Montana Public Radio

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Part 2 of our special series on documentary filmmakers features Willow O'Feral and Brad Heck, the artists behind "Sisters Rising," which screened at the 2020 Big Sky Documentary Film Festival. The film tracks six Native American women reclaiming personal and tribal sovereignty in the face of ongoing sexual violence against Indigenous women in the United States. In this interview, we'll discuss the historical and modern reinforcers of exploitation, obstacles to justice, and powerful stories of reclamation and healing. Additionally, the filmmakers share reflections of their own sense of privilege and what it means to break the fourth wall. 

 

The Montana Missing Idigenous Persons Task Force hosted a public meeting in Billings Feb. 6. Some community members pressed for Native people to form a task force of their own.


A new federal task force formed to address high rates of missing and murdered indigenous people met in Washington, D.C. for the first time Jan. 29.

A recent Montana case highlights its limitations.


Multiple agencies are continuing to search for a missing girl from south-central Montana through frigid weather.


A new report says the Keystone XL pipeline would exacerbate the problem of missing and murdered indigenous women in Montana and other Northern Plains states in the project’s proposed path.

 

As Attorney General William Barr visited Montana to unveil his plan to address the crisis of missing people in Indian Country, a tribe across the state has declared an emergency over what they say is a lack of policing on their reservation.

Malinda Limberhand talks about the search for her daughter Hanna, during a Missing and Murdered Indigenous Women Tribunal, Oct. 4, 2019.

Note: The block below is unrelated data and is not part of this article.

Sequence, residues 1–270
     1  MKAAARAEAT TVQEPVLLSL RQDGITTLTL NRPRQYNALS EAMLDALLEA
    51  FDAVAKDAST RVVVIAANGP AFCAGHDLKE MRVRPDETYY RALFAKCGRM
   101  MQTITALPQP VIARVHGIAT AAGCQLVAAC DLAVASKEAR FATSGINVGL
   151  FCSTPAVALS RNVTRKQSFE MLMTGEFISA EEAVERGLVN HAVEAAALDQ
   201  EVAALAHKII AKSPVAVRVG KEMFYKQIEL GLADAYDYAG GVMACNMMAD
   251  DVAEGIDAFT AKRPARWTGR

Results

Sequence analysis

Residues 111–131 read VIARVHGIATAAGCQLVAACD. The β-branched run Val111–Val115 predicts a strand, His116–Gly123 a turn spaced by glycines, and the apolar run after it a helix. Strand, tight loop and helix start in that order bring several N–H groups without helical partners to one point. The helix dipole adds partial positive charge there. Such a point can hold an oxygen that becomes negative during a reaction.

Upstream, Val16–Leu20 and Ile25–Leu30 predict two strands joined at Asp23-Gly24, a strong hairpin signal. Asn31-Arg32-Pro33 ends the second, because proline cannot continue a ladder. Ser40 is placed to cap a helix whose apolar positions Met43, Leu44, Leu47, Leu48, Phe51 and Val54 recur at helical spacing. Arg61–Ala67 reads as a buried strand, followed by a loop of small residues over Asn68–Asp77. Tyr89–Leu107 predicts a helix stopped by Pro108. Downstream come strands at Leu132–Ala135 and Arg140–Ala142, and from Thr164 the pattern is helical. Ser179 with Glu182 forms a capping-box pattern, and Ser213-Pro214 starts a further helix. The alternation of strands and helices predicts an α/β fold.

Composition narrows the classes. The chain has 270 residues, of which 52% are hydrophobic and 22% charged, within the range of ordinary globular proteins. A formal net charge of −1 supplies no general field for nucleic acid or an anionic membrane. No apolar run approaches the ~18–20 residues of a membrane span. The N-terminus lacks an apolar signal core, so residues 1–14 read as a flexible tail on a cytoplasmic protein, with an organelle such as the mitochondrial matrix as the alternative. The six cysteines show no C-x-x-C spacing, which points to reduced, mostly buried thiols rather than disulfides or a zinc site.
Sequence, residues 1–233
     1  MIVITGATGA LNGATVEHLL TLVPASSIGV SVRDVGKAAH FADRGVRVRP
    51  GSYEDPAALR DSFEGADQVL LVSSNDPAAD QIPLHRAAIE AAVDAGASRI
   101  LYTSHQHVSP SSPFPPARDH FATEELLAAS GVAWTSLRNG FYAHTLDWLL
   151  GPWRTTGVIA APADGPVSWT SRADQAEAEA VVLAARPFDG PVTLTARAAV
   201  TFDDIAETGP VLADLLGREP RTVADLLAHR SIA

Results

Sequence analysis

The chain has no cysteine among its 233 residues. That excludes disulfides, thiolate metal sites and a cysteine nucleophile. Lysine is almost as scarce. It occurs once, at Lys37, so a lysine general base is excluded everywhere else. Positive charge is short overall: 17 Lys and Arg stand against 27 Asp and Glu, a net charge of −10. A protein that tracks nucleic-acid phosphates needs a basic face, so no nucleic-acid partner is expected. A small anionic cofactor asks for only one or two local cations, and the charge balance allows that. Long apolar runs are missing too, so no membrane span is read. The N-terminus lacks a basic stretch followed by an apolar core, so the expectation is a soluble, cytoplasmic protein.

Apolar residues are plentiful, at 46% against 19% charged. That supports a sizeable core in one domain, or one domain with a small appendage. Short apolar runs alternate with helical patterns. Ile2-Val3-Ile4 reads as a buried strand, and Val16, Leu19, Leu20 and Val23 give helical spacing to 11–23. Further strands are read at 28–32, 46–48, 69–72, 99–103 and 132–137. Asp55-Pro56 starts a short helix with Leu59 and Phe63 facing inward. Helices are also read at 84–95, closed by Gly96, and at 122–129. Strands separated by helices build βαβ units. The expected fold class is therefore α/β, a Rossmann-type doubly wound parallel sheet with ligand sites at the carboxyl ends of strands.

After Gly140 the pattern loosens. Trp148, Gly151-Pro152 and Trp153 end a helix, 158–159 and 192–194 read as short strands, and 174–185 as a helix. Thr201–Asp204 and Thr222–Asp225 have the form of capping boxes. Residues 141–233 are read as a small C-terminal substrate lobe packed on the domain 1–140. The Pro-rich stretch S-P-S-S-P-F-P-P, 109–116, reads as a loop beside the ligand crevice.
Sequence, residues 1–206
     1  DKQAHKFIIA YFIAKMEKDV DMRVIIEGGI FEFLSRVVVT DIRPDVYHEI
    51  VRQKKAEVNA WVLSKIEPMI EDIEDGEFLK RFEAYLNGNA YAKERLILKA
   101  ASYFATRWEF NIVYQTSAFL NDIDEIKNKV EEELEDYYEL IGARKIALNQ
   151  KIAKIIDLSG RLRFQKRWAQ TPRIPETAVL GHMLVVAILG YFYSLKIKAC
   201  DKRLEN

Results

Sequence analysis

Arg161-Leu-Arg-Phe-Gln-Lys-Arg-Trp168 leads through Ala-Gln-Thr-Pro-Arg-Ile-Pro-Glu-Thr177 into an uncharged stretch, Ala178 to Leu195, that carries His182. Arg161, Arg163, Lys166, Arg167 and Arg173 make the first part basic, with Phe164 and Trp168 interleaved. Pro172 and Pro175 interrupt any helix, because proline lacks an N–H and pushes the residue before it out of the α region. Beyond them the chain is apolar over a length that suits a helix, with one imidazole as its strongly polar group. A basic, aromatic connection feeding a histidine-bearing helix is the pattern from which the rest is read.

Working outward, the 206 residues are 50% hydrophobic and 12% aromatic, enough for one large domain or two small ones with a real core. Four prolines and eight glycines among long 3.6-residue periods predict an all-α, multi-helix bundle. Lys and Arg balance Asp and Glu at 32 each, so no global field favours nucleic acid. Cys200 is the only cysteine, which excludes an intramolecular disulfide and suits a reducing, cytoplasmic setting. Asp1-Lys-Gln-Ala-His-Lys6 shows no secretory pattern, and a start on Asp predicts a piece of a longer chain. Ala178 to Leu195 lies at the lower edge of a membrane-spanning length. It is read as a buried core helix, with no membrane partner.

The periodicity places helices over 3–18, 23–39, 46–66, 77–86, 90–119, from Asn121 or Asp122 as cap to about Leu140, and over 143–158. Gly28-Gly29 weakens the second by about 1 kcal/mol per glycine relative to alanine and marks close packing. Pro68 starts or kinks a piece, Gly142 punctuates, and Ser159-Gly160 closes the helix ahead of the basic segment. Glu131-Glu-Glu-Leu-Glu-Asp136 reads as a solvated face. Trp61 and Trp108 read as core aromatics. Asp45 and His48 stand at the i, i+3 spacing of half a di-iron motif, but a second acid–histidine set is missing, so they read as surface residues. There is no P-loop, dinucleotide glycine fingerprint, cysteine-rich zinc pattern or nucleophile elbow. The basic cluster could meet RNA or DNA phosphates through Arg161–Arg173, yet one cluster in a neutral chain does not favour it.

Aaron Bolton / Montana Public Radio

Native advocates and the Blackfeet Nation late last week held what is being called the first-ever Missing and Murdered Indigenous Women Tribunal in the U.S. The testimony from the families of missing and murdered Native people will be delivered to Congressional lawmakers in a push for policy change. Most family members focused on their frustrations with law enforcement.

A sign from a Jan. 9, 2019 missing and murdered Indigenous women vigil in Missoula.
Josh Burnham / Montana Public Radio

Montana’s Missing Indigenous Persons Task Force met for a third time  in Billings Friday, Sept. 27.

Charyl Eagle came to the meeting to make sure task force members address how meth and human trafficking might affect Montana’s high rate of missing indigenous people.


Montana Attorney General Tim Fox announced Monday he’s hired two specialists to help address the issue of missing and murdered indigenous women.

Attorney General Tim Fox announces plans to hire a missing persons specialist, May 21, 2019.
Corin Cates-Carney / Montana Public Radio

More than 120 people, including members of state, tribal and local law enforcement, attended a public training in Helena Wednesday. The daylong training, organized by Montana’s Department of Justice and Montana’s U.S. attorney, highlighted situations when indigenous persons go missing.

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